By Rebecca Le May

Myer has slimmed down its board and trimmed wages for those who remain after a veteran fund manager called for major changes to reflect the ailing department store chain’s tanking market value.

In a letter to Myer chairman Garry Hounsell on Tuesday, Wilson Asset Management chairman Geoff Wilson said it was appropriate to reduce the number of directors and their fees “in a necessary alignment with companies of a similar market capitalisation”.

Mr Wilson noted Myer’s non-executive directors had accepted a 16.7 per cent cut to their fees in response to the impact of the coronavirus pandemic, which caused it to close all of its 60 stores over April and May, resulting in a more than 15 per cent plunge in sales for 2019-20.

“Our belief is the reduction needs to be permanent,” Mr Wilson said.

Myer responded on Wednesday, announcing non-executive directors Lyndsey Cattermole and Julie Ann Morrison had decided to retire at the annual general meeting next month and did not intend to seek re-election.

The company said it would not seek to replace the positions, with a view to further reducing board costs.

“We have been considering the size of our board for some time,” Mr Hounsell said.

The departures reduce the board from seven to five directors, including the chief executive and managing director John King.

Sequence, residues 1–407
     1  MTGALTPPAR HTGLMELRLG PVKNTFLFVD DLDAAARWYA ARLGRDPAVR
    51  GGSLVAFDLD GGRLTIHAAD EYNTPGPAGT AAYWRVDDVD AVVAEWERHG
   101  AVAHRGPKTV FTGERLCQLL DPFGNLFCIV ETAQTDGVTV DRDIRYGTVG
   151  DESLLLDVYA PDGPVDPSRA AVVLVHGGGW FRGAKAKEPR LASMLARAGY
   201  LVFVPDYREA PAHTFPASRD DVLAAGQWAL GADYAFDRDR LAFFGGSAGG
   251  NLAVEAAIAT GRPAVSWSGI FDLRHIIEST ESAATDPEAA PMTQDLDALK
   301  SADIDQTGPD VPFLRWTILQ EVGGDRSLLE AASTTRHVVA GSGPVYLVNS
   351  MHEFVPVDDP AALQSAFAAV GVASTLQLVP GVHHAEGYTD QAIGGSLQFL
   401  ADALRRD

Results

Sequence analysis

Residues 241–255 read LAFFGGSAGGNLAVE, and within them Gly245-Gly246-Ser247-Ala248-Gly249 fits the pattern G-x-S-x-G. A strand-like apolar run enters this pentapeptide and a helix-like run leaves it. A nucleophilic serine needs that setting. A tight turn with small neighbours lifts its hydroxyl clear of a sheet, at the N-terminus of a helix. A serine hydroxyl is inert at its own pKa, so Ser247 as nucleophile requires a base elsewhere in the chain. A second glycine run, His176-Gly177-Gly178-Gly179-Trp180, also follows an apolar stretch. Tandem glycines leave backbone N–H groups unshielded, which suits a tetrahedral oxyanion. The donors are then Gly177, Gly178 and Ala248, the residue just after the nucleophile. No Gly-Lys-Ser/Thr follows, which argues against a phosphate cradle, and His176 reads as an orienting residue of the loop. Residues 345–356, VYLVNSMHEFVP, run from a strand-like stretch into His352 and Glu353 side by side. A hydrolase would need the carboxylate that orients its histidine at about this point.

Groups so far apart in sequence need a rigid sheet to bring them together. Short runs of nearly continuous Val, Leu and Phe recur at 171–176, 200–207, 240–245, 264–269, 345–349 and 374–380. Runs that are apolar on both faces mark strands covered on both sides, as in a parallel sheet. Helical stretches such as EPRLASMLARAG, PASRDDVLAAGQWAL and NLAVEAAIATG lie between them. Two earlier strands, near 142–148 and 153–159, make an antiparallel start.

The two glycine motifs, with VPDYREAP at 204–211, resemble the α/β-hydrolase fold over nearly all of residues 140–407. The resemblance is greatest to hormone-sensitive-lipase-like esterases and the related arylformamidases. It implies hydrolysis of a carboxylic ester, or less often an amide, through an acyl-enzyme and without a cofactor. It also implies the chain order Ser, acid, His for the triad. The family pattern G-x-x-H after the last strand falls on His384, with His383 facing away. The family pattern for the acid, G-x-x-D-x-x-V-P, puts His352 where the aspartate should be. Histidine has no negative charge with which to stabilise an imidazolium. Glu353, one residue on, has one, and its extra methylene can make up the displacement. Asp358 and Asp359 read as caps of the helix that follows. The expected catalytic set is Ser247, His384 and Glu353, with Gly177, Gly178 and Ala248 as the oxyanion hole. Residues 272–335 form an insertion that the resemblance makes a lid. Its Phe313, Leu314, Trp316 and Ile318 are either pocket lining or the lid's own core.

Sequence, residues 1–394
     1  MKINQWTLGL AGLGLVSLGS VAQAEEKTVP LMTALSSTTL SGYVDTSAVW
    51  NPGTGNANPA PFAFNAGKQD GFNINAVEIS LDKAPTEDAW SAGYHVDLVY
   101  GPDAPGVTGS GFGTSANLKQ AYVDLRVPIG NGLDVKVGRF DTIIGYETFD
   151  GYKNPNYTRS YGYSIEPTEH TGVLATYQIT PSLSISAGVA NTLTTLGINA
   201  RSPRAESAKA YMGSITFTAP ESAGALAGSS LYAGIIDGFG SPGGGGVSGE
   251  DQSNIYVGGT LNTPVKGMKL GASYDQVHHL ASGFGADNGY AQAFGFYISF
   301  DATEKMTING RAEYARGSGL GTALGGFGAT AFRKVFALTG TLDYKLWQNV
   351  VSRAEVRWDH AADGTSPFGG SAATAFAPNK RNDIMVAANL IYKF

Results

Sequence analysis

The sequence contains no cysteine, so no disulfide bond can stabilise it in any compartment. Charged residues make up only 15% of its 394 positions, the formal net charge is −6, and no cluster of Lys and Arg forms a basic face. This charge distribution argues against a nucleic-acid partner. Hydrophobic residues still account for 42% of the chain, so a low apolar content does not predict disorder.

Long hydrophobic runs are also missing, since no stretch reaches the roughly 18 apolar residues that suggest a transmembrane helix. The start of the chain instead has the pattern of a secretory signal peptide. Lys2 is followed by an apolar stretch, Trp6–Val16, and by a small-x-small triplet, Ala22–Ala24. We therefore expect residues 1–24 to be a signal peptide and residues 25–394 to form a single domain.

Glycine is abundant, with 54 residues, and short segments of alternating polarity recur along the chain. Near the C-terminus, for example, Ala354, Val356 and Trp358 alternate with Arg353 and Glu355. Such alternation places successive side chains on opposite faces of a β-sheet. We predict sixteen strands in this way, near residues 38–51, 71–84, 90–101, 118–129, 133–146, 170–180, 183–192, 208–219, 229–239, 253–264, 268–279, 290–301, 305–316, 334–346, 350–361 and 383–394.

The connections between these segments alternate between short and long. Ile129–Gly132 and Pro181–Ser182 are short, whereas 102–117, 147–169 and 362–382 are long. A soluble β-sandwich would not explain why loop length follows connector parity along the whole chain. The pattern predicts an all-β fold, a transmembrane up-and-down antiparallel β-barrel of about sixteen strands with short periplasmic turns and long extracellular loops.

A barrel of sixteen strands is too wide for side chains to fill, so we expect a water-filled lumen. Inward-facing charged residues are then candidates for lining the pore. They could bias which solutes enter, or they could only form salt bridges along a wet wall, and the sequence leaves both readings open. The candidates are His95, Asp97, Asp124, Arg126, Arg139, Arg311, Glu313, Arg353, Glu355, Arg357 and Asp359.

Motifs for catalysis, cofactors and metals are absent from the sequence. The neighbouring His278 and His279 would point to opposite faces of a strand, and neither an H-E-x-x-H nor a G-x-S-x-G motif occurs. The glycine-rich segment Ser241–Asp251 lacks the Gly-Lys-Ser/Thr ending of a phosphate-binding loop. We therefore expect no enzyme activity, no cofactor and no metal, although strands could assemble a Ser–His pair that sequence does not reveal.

Mr Hounsell said reduced fees for board members would remain in place for at least two years.

“The decision to forego director fees for a period in April and to receive reduced fees during May and June were absolutely appropriate and today’s announcement of a smaller board reflects the size of the business, our ongoing focus on costs and the current operating environment,” he said.

After Myer posted a full-year statutory loss of $172.4 million earlier this month – a massive turnaround from the net profit of $24.5 million for 2018-19 and the second biggest loss in its history – major shareholder Premier Investments labelled the results “dire”.

Premier chairman Solomon Lew was a director of Myer from 1985 to 2002, including being its executive chairman in 1995, and his company was scathing of Mr King, calling for the immediate resignation of the entire board.

“Today’s results are disastrous and shameful,” Premier said in a statement.

“Two years into John King’s tenure – it’s clear the Myer turnaround is in tatters. It’s now time for the CEO to follow the board through the exit.”

Premier described itself “as a long suffering investor and supplier”.

“It must be close to the end for suppliers who can no longer obtain credit insurance cover,” it said.

While shareholders had been suffering, Mr King pocketed $1.59 million, Premier said.

“Yet again Myer shareholders have been taken for a ride.”

Myer shares were up more than 2 per cent in morning to trade to 23.5 cents.

The company’s shares were 62 cents exactly one year ago and plunged to an all-time low of 10 cents in March.

When Myer made its ASX debut in November 2009, its shares opened at $3.88, a 5.4 per cent discount to the issue price.

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